I CAN’T remember whether I heard it on Fighting Talk or Clive Anderson’s Chat Room. Which means I can’t remember whether I heard it on Five Live or Radio 2. And I can’t remember who said it either. I think it was a man.
But I do remember it was one of those Saturday radio panel shows where four people get all the questions in advance and come up with funny answers. And this was a funny answer because it was true.
The question was: What is the best thing about the current economic crisis?
And the man, whoever he was, said something like: “The best thing about the economic crisis is the fact that financial experts have been able to reclaim the phrase ‘the current climate’ from football pundits.
“Now when people talk about the current climate, you know they are discussing serious things, such as whether any of us are going to have homes or jobs in six months, rather than whether Middlesbrough’s centre-back should have been sent off for a professional foul.”
I think that’s what he said, anyway.
(A diversion: When I attended journalism college, I was taught that the three most important aspects of writing for any reporter were accuracy, brevity and clarity. You may be interested – if not astonished – to learn that I passed the course.)
I tell this story at great length – and with insufficient detail – because I believe Portsmouth manager Tony Adams may well have given us the first sign that the economic crisis is starting to bottom out.
Last night’s final match: West Ham 0 Portsmouth 0
Commentator: John Roder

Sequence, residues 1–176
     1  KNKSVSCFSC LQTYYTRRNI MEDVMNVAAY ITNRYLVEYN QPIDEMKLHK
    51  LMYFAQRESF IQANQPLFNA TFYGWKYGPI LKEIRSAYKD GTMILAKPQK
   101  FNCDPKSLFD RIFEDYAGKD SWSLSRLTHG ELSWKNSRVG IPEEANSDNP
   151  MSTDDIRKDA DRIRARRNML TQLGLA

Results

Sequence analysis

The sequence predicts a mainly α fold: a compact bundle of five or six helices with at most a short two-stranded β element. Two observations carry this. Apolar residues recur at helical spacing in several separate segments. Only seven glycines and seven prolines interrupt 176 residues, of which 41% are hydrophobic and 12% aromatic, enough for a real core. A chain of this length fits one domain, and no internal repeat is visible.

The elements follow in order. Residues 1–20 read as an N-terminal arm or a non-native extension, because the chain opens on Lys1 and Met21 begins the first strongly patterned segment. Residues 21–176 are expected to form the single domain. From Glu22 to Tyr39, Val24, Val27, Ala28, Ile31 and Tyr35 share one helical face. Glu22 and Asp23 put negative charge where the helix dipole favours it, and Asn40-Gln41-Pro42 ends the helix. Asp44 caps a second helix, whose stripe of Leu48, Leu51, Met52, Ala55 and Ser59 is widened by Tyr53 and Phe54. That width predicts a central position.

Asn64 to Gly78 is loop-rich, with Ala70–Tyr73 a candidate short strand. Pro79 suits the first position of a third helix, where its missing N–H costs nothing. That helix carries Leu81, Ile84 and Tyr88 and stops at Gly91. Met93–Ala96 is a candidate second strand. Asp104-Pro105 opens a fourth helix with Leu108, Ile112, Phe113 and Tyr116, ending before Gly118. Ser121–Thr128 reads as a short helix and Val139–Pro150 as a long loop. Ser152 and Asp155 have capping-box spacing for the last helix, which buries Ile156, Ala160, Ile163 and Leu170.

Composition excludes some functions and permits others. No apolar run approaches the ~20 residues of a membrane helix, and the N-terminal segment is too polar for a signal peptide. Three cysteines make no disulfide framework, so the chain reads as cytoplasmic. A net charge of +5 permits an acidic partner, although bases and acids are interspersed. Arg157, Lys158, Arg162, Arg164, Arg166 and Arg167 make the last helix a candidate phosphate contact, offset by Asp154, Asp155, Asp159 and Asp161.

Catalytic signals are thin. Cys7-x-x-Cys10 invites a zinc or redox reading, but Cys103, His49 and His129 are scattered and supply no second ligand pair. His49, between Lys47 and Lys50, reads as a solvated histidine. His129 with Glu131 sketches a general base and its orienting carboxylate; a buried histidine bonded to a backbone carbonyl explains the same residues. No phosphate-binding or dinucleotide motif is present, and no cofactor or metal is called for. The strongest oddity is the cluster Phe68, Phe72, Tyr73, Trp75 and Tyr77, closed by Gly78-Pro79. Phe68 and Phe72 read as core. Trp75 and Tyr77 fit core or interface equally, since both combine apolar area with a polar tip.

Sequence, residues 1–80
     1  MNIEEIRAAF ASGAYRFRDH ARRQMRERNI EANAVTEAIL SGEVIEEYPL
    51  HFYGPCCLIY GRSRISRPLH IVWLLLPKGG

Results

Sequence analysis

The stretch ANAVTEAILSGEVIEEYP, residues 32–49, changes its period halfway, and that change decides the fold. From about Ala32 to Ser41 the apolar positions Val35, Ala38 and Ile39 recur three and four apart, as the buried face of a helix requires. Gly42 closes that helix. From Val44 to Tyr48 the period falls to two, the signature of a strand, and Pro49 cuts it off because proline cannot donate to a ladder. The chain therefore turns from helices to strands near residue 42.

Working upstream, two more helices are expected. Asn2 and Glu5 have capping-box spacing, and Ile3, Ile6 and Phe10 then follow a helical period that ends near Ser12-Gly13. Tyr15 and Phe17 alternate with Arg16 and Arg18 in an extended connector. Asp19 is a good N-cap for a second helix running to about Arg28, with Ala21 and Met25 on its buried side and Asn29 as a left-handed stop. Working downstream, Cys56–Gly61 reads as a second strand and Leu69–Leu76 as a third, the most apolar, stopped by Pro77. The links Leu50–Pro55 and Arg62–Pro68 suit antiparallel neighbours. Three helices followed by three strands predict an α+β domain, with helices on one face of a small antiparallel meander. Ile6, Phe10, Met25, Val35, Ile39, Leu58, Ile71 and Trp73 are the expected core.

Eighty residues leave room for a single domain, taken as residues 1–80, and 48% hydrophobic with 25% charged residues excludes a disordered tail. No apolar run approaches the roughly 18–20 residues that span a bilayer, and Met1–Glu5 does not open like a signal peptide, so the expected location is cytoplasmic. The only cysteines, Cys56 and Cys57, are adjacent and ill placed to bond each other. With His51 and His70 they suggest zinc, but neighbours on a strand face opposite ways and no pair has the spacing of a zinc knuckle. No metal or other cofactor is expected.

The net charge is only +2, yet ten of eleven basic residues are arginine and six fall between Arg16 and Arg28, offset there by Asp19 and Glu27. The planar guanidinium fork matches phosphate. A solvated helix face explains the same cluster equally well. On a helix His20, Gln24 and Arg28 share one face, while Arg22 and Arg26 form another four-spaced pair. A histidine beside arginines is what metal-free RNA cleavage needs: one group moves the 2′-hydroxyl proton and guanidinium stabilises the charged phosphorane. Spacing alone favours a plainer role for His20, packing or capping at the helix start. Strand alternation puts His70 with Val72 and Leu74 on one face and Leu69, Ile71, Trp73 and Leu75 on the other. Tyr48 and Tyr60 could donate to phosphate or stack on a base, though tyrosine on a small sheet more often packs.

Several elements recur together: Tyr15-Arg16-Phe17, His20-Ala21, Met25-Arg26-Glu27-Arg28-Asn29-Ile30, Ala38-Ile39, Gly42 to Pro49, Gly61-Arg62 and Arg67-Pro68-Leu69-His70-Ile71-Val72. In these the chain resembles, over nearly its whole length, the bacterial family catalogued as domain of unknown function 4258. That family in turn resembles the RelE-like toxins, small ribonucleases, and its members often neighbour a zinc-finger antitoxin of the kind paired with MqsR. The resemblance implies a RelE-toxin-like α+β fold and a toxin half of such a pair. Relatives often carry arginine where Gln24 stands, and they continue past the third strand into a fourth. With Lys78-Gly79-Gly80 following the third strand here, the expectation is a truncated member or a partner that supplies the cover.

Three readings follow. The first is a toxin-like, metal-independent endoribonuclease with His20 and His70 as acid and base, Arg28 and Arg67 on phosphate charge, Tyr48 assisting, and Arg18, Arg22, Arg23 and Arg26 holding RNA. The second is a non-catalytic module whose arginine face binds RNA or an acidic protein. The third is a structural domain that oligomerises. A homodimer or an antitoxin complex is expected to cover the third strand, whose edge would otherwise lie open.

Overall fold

After Pompey and the Hammers were forced to share the honours in the battle to be named ‘best team not managed by Harry Redknapp any more’, Adams gave his thoughts to Match of the Day’s John Roder.
“We had enough chances to have won it,” Adams said. “But in the current climate of everyone beating everyone else, I thought that West Ham could go up and get what to me would have been an unjust winner.”
I can confirm that Adams is correct. Everybody is beating everybody else. Crikey, even Doncaster won this weekend.
But the fact that Adams feels he can attempt to reclaim ‘the current climate’ for football-speak is surely an indication that the worst of the economic crisis is over. Either that, or he hasn’t realised that there is an economic crisis.
(I can’t believe it’s the latter. After all, isn’t the economic downturn partly responsible for Adams getting the Pompey job in the first place? Why else did the club agree to take £5million in compensation to allow Redknapp to go to Tottenham?)
Thanks to Adams, ‘the current climate’ can now refer to a situation where any one of 15 teams in the Premier League could be relegated this season. And that, of course, creates its own financial uncertainty.
The match at Upton Park, which had little to recommend it, saw Portsmouth off the mark for the season on the Gubbometer. It also saw Fabio Capello move up to third, as the England coach was among the crowd.
Only Wigan and Blackburn have appeared last on Match of the Day more times this season than Capello. Perhaps he might consider firing off a letter of complaint to BBC Sport about his frequent positioning at the tail end of the show. Alternatively, perhaps he might consider getting himself out to some decent matches.
1. Wigan: 4 (Capello difference: +2)
2. Blackburn: 4
3. Capello: 3
4. Middlesbrough: 3 (Capello difference: +1)
5. West Brom: 3
6. West Ham: 2 (Capello difference: +2)
7=. Bolton: 2
7=. Fulham: 2
9. Portsmouth: 1 (Capello difference: +1)
10=. Everton: 1
10=. Hull: 1
10=. Newcastle: 1
10=. Stoke: 1
10=. Sunderland: 1
15=. Gubba: 0
15=. Arsenal: 0
15=. Aston Villa: 0
15=. Chelsea: 0
15=. Liverpool: 0
15=. Manchester City: 0
15=. Manchester United: 0
15=. Tottenham: 0
(NB: Teams level on points will be separated by Gubba difference: the number of times a team is last on Match of the Day with Tony Gubba commentating. If they are still level, they will be separated by Capello difference: the number of times a team is last on MOTD with Fabio Capello present.)